Last week, we discussed the importance of goal setting in helping to determine when it is time to make a personal or professional change. Today, we will be delving deeper into concrete strategies to approach goal setting. Specifically, we’ll discuss the importance of defining and measuring goals when moving from coping to thriving with challenges in the workplace.
What does goal setting entail?
Define Your Goals- Stating that you want to “succeed at work” isn’t enough- what does that mean? Maybe you’re already succeeding? But, since you never defined “success,” you don’t even realize it! Being specific helps you to know when you have met your goal.
Phrase Your Goals in the Positive- It’s helpful to recognize that there is a behavior or situation that you want to change, but it’s also important to recognize what you want instead. When you want to change a behavior, you will need something to replace it with or else you wont know what you’re working toward (e.g., I want to stop yelling at my employees vs. I want to learn to speak more assertively when I’m feeling frustrated)!
Break Large Goals into Smaller Goals- Setting large goals is great, but it takes time to get there. Breaking larger goals into smaller goals that are more manageable allows you to track your progress, create benchmarks, and celebrate the wins along the way.
Brainstorm Steps That You Will Take to Achieve Your Goals- Think of ways that you can go about achieving your goal (e.g., steps that you will take to accomplish the goal, people you will speak to, and/or resources you will need). If it is difficult to think of these concrete steps, this may signal that you need to return to steps 1-3 to better define and breakdown your goals.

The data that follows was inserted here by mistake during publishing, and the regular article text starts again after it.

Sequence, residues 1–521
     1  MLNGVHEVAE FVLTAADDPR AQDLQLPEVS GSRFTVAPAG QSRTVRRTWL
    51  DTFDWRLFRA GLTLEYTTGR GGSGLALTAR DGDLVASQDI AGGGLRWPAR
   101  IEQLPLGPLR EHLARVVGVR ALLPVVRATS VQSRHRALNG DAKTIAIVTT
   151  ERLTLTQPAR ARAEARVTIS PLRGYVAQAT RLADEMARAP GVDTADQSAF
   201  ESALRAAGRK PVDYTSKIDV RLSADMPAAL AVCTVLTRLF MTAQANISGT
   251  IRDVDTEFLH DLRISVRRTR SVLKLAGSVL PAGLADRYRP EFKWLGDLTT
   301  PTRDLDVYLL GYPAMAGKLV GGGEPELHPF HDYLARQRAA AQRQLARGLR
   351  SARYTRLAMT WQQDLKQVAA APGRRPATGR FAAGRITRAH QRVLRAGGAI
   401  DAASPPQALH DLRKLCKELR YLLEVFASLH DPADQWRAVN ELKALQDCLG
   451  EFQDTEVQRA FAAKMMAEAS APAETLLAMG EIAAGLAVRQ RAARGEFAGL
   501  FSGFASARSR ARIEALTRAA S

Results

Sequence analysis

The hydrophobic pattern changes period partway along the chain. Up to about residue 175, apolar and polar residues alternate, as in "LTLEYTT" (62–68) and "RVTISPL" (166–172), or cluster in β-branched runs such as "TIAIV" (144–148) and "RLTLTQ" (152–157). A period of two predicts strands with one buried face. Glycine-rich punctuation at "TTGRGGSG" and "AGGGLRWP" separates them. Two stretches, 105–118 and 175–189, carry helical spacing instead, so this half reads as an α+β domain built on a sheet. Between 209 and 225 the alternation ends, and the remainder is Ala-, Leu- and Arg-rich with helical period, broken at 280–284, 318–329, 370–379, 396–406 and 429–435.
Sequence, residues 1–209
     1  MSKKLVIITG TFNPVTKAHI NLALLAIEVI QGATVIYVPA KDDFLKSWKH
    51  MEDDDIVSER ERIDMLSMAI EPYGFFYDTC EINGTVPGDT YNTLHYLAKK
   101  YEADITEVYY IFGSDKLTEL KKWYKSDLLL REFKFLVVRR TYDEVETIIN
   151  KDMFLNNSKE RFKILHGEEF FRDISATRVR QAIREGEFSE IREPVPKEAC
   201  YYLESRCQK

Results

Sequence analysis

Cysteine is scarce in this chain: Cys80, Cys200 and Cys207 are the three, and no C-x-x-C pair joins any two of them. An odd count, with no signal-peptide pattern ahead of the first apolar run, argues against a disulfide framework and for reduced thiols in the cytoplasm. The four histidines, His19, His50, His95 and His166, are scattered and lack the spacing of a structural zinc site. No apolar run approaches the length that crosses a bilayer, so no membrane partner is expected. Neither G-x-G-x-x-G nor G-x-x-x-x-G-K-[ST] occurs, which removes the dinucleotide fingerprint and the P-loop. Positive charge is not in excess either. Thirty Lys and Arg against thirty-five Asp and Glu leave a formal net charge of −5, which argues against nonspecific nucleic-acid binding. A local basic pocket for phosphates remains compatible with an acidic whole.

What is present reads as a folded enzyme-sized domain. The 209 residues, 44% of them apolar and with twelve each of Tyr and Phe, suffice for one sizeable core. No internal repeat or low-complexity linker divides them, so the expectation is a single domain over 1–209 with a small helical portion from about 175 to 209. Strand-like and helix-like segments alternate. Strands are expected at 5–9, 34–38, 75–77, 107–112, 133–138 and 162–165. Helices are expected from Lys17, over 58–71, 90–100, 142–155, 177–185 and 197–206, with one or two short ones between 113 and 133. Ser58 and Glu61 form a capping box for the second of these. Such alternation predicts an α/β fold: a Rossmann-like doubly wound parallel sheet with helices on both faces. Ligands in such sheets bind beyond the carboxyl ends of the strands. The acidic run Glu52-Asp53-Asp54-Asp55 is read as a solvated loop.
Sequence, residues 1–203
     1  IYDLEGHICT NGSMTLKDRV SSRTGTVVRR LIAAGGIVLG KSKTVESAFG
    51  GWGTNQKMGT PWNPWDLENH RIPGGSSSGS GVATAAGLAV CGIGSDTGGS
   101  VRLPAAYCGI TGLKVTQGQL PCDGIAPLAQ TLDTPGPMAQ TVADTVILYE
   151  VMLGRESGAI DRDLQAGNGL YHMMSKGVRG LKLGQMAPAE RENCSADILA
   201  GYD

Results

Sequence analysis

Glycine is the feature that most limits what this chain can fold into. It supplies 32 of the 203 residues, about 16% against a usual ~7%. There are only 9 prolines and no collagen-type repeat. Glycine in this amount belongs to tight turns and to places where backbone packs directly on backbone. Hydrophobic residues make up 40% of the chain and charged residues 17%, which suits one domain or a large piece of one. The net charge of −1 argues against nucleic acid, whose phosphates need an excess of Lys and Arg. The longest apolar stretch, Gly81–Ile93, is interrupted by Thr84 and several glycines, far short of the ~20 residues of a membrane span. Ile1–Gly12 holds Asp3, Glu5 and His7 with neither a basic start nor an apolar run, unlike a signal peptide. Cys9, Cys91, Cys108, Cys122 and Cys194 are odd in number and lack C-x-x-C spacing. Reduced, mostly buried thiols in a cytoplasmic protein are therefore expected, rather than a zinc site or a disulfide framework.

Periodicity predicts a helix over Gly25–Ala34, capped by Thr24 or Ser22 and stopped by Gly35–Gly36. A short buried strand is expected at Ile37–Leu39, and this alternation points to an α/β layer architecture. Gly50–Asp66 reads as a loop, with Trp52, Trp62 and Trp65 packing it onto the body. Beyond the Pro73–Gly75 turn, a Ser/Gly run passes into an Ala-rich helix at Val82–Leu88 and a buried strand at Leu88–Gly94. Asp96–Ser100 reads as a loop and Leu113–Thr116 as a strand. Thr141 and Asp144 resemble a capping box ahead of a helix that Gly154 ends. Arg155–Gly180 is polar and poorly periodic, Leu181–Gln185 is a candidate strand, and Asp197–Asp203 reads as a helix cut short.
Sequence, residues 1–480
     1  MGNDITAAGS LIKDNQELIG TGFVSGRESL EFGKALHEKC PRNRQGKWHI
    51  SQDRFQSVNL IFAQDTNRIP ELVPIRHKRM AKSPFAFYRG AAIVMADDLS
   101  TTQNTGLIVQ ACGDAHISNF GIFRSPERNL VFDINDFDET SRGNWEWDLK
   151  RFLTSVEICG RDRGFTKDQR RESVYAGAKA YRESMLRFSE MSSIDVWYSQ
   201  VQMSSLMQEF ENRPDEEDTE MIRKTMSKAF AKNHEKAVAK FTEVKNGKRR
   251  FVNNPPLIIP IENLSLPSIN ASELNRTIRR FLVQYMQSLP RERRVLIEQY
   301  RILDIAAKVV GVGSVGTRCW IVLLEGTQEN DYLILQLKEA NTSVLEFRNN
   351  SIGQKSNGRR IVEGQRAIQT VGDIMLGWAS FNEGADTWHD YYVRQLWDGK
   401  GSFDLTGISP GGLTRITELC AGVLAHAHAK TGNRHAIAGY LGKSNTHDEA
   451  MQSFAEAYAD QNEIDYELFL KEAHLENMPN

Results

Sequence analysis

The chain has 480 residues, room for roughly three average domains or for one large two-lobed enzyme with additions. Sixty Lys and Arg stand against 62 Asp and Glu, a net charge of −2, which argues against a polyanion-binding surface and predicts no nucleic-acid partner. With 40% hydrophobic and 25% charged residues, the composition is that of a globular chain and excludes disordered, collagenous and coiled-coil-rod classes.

Consider Roadblocks- Proactively evaluate what may get in the way of achieving your goal. Then, plan ahead and proactively problem solve.
Evaluate Progress- In order to hold yourself accountable, establish a time frame for when you would like to accomplish the goal. Then, think about how often you will assess progress. Once you establish a time frame for progress monitoring, set an alert that will serve as a reminder to check-in with yourself about the progress that you are making…or the lack of progress that you are making, which is also important information!
Rework and Rewrite- Goals aren’t meant to be static! Don’t be afraid to redefine and rewrite your goals. We are constantly evolving, so this means our goals are also constantly evolving too.
Once you know what you are working toward, it is easier to know what you may be missing out on. If you notice that you are not making progress on your goals month-to-month, it’s important to ask yourself, “what is getting in the way?” If it is avoidance, procrastination, or another internal factor, this may require you to look at what thoughts, emotions, or behaviors may be impeding success. Conversely, maybe there are external factors getting in the way that are outside of your control (e.g., a difficult boss, demanding work environment, or few opportunities for growth). Whether roadblocks are internal or external, it may be time to consider what changes you can make to help keep yourself on track. This may mean looking for a work environment that is a better fit, or can better support your current aspirations. Change is difficult and it may take time to get yourself out of a challenging situation. However, once you are aware of what you want, and what is getting in the way, you will have a clearer picture of what changes YOU want to make.
See, I told you that you don’t need any articles like: “5 Ways to Know When it’s Time to Leave Your Job,” or, “The 15 Steps to Figuring Out if it’s Time to Find a New Career,” or, “The 30 ways to Know if You're Reaching your Full Potential." Instead, you can build a personalized roadmap by establishing goals, managing expectations, and planning for change.
Stay tuned over the next few weeks to learn more strategies and skills for thriving in the workplace.
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